Filesystem in Userspace

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Filesystem in Userspace
Stable release
3.1.0 / 8 July 2017; 4 months ago (2017-07-08)[1]
Repository github.com/libfuse/libfuse
Written in C
Operating system Unix-like
Type File system driver
License GPL for kernel part, LGPL for Libfuse, Simplified BSD on FreeBSD, ISC license on OpenBSD
Website github.com/libfuse/libfuse

Filesystem in Userspace (FUSE) is a software interface for Unix-like computer operating systems that lets non-privileged users create their own file systems without editing kernel code. This is achieved by running file system code in user space while the FUSE module provides only a "bridge" to the actual kernel interfaces.

FUSE is available for Linux, FreeBSD, OpenBSD, NetBSD (as puffs), OpenSolaris, Minix 3, Android and macOS.[2]

FUSE is free software originally released under the terms of the GNU General Public License and the GNU Lesser General Public License.

History[edit]

The FUSE system was originally part of AVFS (A Virtual Filesystem), a filesystem implementation heavily influenced by the translator concept of the GNU Hurd.[3]

FUSE was originally released under the terms of the GNU General Public License and the GNU Lesser General Public License, later also reimplemented as part of the FreeBSD base system[4] and released under the terms of Simplified BSD license. An ISC-licensed re-implementation by Sylvestre Gallon was released in March 2013,[5] and incorporated into OpenBSD in June 2013.[6]

FUSE was merged into the mainstream Linux kernel tree in kernel version 2.6.14.[7]

A flow-chart diagram showing how FUSE works

Operation and Uses[edit]

To implement a new file system, a handler program linked to the supplied libfuse library needs to be written. The main purpose of this program is to specify how the file system is to respond to read/write/stat requests. The program is also used to mount the new file system. At the time the file system is mounted, the handler is registered with the kernel. If a user now issues read/write/stat requests for this newly mounted file system, the kernel forwards these IO-requests to the handler and then sends the handler's response back to the user.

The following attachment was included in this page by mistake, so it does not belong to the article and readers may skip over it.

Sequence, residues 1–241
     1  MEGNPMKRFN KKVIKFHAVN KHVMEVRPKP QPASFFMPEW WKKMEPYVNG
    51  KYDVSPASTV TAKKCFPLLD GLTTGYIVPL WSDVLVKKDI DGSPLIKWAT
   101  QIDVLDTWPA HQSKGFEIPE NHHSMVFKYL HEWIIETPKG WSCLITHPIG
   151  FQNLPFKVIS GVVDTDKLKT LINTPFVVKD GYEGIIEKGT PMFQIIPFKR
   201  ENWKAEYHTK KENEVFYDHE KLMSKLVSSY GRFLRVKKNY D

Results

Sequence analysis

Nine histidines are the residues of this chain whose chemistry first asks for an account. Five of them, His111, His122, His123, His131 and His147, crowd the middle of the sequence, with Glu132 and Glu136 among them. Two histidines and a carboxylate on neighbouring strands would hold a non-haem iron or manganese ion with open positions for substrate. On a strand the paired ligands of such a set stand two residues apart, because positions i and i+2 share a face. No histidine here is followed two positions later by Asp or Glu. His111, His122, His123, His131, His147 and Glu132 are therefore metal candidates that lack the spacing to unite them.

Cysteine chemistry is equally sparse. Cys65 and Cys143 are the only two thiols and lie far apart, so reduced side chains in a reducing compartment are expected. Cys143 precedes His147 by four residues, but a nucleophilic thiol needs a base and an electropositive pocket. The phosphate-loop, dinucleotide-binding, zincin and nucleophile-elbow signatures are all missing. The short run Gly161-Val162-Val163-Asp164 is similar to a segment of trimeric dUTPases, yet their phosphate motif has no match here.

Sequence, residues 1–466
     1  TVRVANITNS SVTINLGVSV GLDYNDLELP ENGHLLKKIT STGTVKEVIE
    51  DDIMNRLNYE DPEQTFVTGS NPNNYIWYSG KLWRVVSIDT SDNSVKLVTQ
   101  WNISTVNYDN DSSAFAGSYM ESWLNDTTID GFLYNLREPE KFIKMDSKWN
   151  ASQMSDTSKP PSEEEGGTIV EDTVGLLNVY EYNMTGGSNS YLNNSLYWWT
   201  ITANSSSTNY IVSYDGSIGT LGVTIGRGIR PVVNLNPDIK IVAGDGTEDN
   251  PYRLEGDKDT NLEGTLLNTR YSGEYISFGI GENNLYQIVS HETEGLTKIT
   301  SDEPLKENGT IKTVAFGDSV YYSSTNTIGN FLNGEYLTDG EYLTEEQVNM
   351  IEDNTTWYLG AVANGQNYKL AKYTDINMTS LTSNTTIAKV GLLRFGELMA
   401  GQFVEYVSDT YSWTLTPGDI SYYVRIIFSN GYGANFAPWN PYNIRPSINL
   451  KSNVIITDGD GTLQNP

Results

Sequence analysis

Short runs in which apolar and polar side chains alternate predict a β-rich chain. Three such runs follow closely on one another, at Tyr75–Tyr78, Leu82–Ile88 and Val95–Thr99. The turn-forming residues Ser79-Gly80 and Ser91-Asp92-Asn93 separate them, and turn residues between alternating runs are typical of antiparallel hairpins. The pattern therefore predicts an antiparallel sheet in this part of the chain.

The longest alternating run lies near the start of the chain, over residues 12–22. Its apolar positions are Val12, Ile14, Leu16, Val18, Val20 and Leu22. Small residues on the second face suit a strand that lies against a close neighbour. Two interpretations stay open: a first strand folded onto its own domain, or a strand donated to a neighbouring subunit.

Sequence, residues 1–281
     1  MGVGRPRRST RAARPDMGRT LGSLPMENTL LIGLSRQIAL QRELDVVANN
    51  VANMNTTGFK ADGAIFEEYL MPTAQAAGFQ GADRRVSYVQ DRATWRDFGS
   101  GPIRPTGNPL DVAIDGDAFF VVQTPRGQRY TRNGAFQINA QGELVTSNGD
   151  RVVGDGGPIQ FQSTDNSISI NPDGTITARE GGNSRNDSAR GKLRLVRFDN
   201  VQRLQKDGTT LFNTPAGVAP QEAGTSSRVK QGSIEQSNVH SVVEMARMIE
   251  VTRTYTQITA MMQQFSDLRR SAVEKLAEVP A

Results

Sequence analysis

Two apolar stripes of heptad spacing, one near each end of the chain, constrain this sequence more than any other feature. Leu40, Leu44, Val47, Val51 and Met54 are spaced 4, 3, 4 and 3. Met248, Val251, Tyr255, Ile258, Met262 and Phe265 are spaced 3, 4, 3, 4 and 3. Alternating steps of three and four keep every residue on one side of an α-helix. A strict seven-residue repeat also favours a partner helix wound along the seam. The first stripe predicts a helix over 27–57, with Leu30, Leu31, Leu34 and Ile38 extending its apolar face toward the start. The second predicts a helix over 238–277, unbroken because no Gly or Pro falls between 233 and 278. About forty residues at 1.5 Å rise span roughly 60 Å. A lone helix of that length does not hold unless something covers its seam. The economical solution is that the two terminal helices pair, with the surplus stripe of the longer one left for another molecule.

Unmounting a FUSE-based file system with the fusermount command

FUSE is particularly useful for writing virtual file systems. Unlike traditional file systems that essentially work with data on mass storage, virtual filesystems don't actually store data themselves. They act as a view or translation of an existing file system or storage device.

In principle, any resource available to a FUSE implementation can be exported as a file system.

Example uses[edit]

  • archivemount
  • CloudStore (formerly, Kosmos filesystem): By mounting via FUSE, existing Linux utilities can interact with CloudStore
  • EncFS: Encrypted virtual filesystem
  • ExpanDrive: A commercial filesystem implementing SFTP/FTP/S3/Swift using FUSE
  • FTPFS
  • GDFS: Filesystem which allows you to mount your Google Drive account on Linux.
  • Gitfs: file system that fully integrates with git. You can mount a remote repository's branch locally, and any subsequent changes made to the files will be automatically committed to the remote.
  • GlusterFS: Clustered Distributed Filesystem having ability to scale up to several petabytes.
  • GmailFS: Filesystem which stores data as mail in Gmail
  • GVfs: The virtual filesystem for the GNOME desktop
  • KBFS: A distributed filesystem with end-to-end encryption and a global namespace based on KeyBase.io service that uses FUSE to create cryptographically secure file mounts.
  • Lustre cluster filesystem will use FUSE to allow it to run in userspace, so that a FreeBSD port is possible.[8] However, the ZFS-Linux port of Lustre will be running ZFS's DMU (Data Management Unit) in userspace.[9]
  • MooseFS: An open source distributed fault-tolerant file system available on every OS with FUSE implementation (Linux, FreeBSD, NetBSD, OpenSolaris, OS X), able to store petabytes of data spread over several servers visible as one resource.
  • NTFS-3G and Captive NTFS, allowing access to NTFS filesystems
  • Sector File System: Sector is a distributed file system designed for large amount of commodity computers. Sector uses FUSE to provide a mountable local file system interface
  • SSHFS: Provides access to a remote filesystem through SSH
  • Transmit: A commercial FTP client that also adds the ability to mount WebDAV, SFTP, FTP and Amazon S3 servers as disks in Finder, via MacFUSE.
  • WebDrive: A commercial filesystem implementing WebDAV, SFTP, FTP, FTPS and Amazon S3
  • WikipediaFS: View and edit Wikipedia articles as if they were real files
  • WikiroFS: An WikipediaFS alternative
  • Wuala: A multi-platform, Java-based fully OS integrated distributed file system. Using FUSE, MacFUSE and Callback File System respectively for file system integration, in addition to a Java-based app accessible from any Java-enabled web browser.
  • MinFS: MinFS is a fuse driver for Amazon S3 compatible object storage server. MinFS[10] lets you mount a remote bucket (from a S3 compatible object store), as if it were a local directory

See also[edit]

References[edit]

External links[edit]